Redemption requirements depend on the Hunter’s Drive. Redemption may be done by individual Hunter, but can also be treated as a group effort – if a cell mate fulfills requirements of another Hunter’s Redemption, said Hunter can also leave Despair.

Redemption requirements per Drive

  • Curiosity: uncover new info about quarry
  • Vengeance: hurt the quarry
  • Oath: actively uphold or fulfill your oath
  • Greed: acquire resources from enemies
  • Pride: best the quarry in some challenge
  • Envy: ally with quarry or sample their power
  • Atonement: protect someone from quarry

Overreach

When the test is successful with Exclamation Mark or a dice result of 1 on Desperation d10, player may decide to enter Overreach.

In that case, the roll succeeds, but the chronicle’s Danger level increases by 1 for each Exclamation Mark or a dice result of 1 on Desperation d10. This may have dire consequences to the whole cell of Hunters – see Danger below.

Danger

Danger is a storytelling tool rather than purely mechanical, and is used to raise stakes and suspense during the Hunter chronicle.

How to use Danger – examples

  • Add Danger rating to test difficulties
  • Add enemy goons protecting the main quarry in the quantity equal to Danger
  • Add additional in-game events at high Danger levels

Damage & Healing

Superficial Health Damage: Equals margin of successes in attack rolls + weapon damage rating, halved and rounded up

  • At the start of the session, heal amount equal to your Stamina

Superficial Willpower Damage: Caused by embarrassment, shaken confidence, and other social conflicts

  • At the start of session, heal amount equal to Composure or Resolve (pick higher).

Aggravated Health Damage: Caused by fire, firearms, cutting and piercing weapons, or exceeding your Health tracker with Superficial damage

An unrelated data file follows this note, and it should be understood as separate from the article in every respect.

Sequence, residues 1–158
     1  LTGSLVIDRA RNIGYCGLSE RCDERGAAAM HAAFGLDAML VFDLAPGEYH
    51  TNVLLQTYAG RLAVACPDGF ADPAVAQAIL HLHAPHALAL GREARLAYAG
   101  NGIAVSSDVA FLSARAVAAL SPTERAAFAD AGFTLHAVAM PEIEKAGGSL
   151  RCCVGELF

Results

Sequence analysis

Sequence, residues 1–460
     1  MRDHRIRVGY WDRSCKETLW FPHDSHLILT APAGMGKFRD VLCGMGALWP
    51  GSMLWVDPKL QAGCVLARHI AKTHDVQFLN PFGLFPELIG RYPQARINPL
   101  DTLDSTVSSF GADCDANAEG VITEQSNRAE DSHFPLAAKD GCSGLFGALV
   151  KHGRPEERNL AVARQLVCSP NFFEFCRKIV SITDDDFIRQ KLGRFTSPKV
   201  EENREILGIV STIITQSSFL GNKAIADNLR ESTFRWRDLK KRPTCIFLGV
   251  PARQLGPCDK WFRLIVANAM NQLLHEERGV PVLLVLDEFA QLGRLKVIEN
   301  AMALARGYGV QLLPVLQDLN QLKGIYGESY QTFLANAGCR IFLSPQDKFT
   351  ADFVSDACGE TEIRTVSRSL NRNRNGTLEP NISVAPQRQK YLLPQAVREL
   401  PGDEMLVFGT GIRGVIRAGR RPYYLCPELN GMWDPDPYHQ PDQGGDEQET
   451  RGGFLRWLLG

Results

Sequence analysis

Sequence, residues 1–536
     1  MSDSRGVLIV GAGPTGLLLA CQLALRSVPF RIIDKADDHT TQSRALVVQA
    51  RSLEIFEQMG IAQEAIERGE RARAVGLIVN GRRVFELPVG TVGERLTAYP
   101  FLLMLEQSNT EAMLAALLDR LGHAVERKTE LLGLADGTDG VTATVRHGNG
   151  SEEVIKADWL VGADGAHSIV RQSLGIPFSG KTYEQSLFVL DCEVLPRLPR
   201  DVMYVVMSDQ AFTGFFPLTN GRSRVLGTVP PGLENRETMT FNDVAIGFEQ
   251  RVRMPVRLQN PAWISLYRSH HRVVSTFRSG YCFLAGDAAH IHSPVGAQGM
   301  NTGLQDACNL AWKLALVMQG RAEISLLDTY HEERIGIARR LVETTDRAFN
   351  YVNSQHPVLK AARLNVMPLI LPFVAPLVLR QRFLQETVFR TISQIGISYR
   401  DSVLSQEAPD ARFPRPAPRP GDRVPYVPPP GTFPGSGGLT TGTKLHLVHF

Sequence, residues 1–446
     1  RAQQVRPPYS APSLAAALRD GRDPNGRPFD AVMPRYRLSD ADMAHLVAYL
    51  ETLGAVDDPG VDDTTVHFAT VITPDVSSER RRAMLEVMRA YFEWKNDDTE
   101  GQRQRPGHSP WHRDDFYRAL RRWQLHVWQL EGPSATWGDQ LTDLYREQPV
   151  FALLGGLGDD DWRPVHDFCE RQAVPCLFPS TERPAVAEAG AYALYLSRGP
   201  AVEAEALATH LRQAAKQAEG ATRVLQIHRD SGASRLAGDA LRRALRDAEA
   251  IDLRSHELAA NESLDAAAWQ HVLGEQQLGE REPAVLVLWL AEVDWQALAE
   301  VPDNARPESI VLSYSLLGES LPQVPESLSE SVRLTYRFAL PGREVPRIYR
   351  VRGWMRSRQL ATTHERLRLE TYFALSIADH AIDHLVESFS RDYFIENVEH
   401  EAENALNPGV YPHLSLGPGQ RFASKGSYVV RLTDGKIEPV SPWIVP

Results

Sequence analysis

• Intelligence + Medicine test at difficulty equal to sustained damage converts it to Superficial

Aggravated Willpower Damage: Caused by revealing secrets about the target, social attacks from close friends and trusted figures

  • At the start of session, heal 1 if you acted according to your Ambition

Desperation

Desperation fluctuates throughout the chronicle and can be used as a storyteller’s tool to build up tension.

Desperation increase examples

  • Serious injury or death within the cell
  • Quarry managed to escape Hunters
  • Cell failed to protect the innocents

Desperation decrease examples

  • Cell gained vital information
  • Cell prevented harm of innocents
  • Cell managed to harm the quarry
Volodymyr Azimoff
About Volodymyr Azimoff 494 Articles
Being a big gaming fan, I believe that I have a lot to share with other gamers. I got my first official job in the game industry in 2005 and continue to develop there. It's a true blessing when your passion, hobby, and job combine into something one. My favorite console is the Nintendo Switch. I think you can all guess why. Because I just bought a Steam Deck. I love playing on PC, but my main love for me will always be Xbox. Anyway, it's complicated and simple at the same time. After all, I'm back in the days of the ZX Spectrum (1994)…